Looking at Writing


Preschoolers start "writing" by scribbling and drawing letter-like shapes in a large circular motion. Often, a young child's first letters are drawn by accident and then identified by the child or parent. Kids at this age will form letters to represent written language for meaningful words like their names or phrases such as "I love you." Preschoolers who see older kids or adults write begin to see that writing has a purpose and they will want to try it. Provide lots of writing materials — paper, pens, pencils, crayons, markers, and drawing tablets.

"Rule number one is to write every day because writing's like everything else you do. The more you do it, the better you're going to get at it. " — Christopher Paul Curtis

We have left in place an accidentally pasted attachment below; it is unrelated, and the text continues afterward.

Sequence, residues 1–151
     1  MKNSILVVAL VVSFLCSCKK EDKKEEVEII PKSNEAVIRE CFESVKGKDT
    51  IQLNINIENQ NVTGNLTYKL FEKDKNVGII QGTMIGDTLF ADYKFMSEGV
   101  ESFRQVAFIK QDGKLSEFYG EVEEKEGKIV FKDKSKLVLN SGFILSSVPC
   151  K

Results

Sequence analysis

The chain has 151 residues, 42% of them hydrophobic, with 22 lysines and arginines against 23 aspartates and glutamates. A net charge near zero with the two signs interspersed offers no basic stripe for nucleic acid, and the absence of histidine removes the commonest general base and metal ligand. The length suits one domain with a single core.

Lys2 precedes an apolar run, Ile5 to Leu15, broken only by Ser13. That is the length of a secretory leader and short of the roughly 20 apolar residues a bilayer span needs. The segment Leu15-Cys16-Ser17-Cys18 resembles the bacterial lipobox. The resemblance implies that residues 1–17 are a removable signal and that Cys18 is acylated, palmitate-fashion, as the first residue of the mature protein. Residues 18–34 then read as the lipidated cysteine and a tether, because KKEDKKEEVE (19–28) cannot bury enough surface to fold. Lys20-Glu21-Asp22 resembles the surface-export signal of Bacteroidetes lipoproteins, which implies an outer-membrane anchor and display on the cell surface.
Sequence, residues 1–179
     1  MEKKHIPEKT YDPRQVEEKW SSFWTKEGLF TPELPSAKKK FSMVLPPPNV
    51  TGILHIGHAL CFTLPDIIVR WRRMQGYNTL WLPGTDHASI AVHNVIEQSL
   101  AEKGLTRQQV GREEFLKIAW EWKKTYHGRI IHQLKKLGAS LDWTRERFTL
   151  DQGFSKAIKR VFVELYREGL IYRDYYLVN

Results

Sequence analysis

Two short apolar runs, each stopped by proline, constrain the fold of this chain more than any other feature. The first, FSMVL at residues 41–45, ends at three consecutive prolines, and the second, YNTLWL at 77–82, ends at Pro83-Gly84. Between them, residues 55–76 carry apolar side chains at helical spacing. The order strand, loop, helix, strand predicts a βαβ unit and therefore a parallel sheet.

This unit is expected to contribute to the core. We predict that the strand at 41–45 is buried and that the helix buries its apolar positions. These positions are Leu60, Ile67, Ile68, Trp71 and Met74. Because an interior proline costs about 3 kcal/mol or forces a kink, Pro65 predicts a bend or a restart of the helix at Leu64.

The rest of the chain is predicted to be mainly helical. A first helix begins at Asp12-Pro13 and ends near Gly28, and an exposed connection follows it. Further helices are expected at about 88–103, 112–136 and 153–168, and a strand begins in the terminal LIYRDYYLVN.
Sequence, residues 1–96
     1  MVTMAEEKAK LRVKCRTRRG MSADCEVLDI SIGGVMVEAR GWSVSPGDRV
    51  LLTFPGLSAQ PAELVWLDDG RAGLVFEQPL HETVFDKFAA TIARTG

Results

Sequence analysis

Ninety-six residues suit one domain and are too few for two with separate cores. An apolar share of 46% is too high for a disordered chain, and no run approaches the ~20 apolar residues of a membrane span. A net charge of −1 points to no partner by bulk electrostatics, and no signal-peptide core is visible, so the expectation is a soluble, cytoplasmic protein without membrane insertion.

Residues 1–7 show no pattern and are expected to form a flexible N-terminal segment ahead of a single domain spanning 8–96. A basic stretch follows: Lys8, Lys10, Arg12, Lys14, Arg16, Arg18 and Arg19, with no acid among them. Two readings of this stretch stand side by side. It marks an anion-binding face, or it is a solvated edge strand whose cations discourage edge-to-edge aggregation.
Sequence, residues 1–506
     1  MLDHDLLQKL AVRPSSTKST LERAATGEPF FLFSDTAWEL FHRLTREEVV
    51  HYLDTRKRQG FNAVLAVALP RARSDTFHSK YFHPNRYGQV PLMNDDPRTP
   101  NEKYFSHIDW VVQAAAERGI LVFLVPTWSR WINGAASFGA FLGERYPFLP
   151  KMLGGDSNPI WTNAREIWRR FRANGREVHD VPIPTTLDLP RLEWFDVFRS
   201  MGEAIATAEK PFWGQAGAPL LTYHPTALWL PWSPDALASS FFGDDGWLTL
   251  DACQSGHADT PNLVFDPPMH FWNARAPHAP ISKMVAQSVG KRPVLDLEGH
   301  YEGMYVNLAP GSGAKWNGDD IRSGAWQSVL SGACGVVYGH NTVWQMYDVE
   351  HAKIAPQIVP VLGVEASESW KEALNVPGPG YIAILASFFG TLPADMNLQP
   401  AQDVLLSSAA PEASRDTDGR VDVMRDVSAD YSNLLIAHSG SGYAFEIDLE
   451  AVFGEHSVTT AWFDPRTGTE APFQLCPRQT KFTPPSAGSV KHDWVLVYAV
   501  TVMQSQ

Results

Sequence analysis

In this section, you'll find writing assessment resources, writing strategies, and additional tip sheets for teachers and parents on how to help preschoolers build strong writing skills. You'll also find video of children's authors, classroom instruction, and literacy experts.

Select the "Sample" links at left to view real examples of pre-K writing at different skill levels.

"Never trust anyone who has not brought a book with them." — Lemony Snicket